Program Requirements

For units in multifamily mid and high rise buildings to earn the ENERGY STAR, a new or substantially rehabilitated mid or high rise multifamily building must be designed to be at least 15% more energy efficient than a building built to code.

*Note: The national requirement is 15% above ASHRAE Standard 90.1-2007. See below for specific Performance Targets in states with energy codes such as ASHRAE 90.1-2010, 2012 IECC, ASHRAE 90.1-2013, and 2015 IECC.

ImportantEPA extended the transition to ENERGY STAR MFNC by six months, from January 1, 2021 to July 1, 2021. Multifamily projects are eligible to participate in the MFHR program if they have a permit application date before July 1, 2021. Projects that will be certified through the MFHR program must have submitted their MFHR Project Application to a Multifamily Review Organization (MRO) before January 1, 2021.

EPA launched the ENERGY STAR Multifamily New Construction program to serve all multifamily buildings. Visit the MFNC Program Requirements page to learn more and get started.

The developer of a project participating in the program must provide an EPA-recognized MFHR Review Organization (MRO) with program specific submittals. These submittals, which must be validated by a Licensed Professional, are used to demonstrate that the program’s requirements have been met, that all prerequisites are included, and that each energy conservation measure is installed to specification. Please visit the Certification Process page for more information on how to earn the ENERGY STAR.

Building performance is as much a function of proper building management as the energy conservation measures incorporated into the structure. Therefore, after units in a building earn the ENERGY STAR, the developer/owner must commit to benchmarking the building in Portfolio Manager for a period of two years. For more information please see the Benchmarking page.

Performance vs. Prescriptive Path

There are two paths available to meet ENERGY STAR’s MFHR requirements:

  • ENERGY STAR MFHR Performance Path (PDF, 376KB): An approach to meeting program requirements where software is used to model the building’s energy use to verify that it meets the Performance Target. (See notes below to determine the Performance Target in your state).
  • ENERGY STAR MFHR Prescriptive Path (PDF, 197KB): An approach where a developer constructs the project using a prescribed set of construction specifications that meet program requirements. (This path is not available in all states; see notes below).
  • California ENERGY STAR MFHR Performance Path (PDF, 121KB) For projects in California, EPA has modified its National Performance Path to align with the 2013 Title 24 Standards, instead of ASHRAE 90.1.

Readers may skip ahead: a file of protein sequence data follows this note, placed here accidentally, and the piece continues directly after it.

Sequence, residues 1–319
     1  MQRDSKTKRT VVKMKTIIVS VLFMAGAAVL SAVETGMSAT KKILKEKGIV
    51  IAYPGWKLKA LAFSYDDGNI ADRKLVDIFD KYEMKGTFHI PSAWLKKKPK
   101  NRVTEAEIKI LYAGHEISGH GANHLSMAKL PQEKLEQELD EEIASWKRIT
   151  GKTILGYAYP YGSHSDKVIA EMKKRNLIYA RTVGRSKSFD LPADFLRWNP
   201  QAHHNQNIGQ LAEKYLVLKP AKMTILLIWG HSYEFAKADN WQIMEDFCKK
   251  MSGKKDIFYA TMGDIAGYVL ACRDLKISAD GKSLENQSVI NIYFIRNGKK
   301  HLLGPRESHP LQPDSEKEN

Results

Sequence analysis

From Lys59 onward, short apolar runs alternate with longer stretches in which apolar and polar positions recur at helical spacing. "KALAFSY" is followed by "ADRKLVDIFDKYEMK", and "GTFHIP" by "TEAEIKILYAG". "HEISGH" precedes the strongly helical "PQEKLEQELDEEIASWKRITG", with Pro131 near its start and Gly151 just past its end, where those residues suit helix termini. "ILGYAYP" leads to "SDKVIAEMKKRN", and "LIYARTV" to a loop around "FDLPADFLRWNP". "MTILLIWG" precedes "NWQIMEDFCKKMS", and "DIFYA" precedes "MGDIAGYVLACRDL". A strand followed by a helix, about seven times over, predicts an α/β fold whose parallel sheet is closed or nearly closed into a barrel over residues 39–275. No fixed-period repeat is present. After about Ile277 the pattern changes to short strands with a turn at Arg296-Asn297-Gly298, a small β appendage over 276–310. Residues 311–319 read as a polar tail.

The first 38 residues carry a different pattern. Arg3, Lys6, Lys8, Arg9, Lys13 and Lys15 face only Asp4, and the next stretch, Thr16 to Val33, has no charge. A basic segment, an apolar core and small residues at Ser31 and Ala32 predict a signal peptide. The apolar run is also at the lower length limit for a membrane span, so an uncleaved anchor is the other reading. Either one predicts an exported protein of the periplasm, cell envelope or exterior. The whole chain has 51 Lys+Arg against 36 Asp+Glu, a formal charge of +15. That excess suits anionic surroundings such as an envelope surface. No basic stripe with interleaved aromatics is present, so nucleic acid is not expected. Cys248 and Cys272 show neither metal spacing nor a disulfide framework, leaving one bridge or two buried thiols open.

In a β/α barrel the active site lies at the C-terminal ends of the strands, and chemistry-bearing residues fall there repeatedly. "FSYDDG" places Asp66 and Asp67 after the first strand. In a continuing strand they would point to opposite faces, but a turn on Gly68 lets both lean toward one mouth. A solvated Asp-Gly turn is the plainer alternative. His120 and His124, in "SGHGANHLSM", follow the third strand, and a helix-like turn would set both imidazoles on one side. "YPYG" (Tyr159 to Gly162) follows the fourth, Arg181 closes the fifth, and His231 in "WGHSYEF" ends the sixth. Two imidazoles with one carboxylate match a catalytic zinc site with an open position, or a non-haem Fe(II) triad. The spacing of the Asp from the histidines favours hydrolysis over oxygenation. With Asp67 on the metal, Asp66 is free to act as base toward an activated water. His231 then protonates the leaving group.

Please note that although the Performance Path allows for some trade-offs when selecting energy conservation measures for meeting the Performance Target, the program has set some minimum prerequisites for specific energy efficiency components. Although the prerequisite measures can be used to help the project meet the Performance Target, failure to meet the prerequisite requirements will result in the project not earning the ENERGY STAR. The prerequisites are found within the ENERGY STAR MFHR Performance Path document.

Both the Prescriptive Path and Performance Path require that partners comply with mandatory Testing & Verification Protocols available on the Guidance Documents page. All program documentation for both paths is available for download in a .zip file for convenience.

Performance Targets in States enforcing 2012 or 2015 IECC

To ensure that ENERGY STAR remains a mark of distinction and provides meaningful energy savings above code, MFHR projects pursuing ENERGY STAR certification in states that have adopted 2012 IECC, 2015 IECC, ASHRAE 90.1-2010 or ASHRAE 90.1-2013, will be required to meet a modified Performance Target, rather than the current national requirement of 15% over ASHRAE 90.1- 2007.

To provide a period of transition, all ENERGY STAR MFHR Project Applications submitted to EPA on or before December 31, 2014, will be allowed to meet a Performance Target of 15% savings over ASHRAE 90.1-2007, regardless of the current or future code for their state.

All Project Applications submitted on or after January 1, 2015 must pursue a Performance Target of 15% better than the energy code under which the building is permitted (unless otherwise noted below). Since EPA has not yet developed a Prescriptive Path based on these codes, only the ENERGY STAR MFHR Performance Path certification option will be available for projects in these states.

Notes and Exceptions:

  • Local Code Exception: While local city or town codes may differ from the state code, the determination for the ENERGY STAR program is based on the commercial code adopted by the state, not the local jurisdiction. In an instance where the building is permitted under a local code that is not the same as the state code, the Performance Target is based on the state code in place. The permit application or issue date will be used to determine what state code was in place in the state. To determine the code adopted by the state and its effective date, please visit (See example 4 below.)
  • State Code changes between ENERGY STAR MFHR Project Application and Permit: If the Project Application is submitted on or after January 1, 2015, and the state code changes between the ESMFHR Project Application date and the permit application date (or the reverse), the project’s Performance Target is based on the code the project is permitted to, and not based on the code in place at the time of the ESMFHR Project Application. (See examples 2 and 3 below. A copy of the permit may be requested.)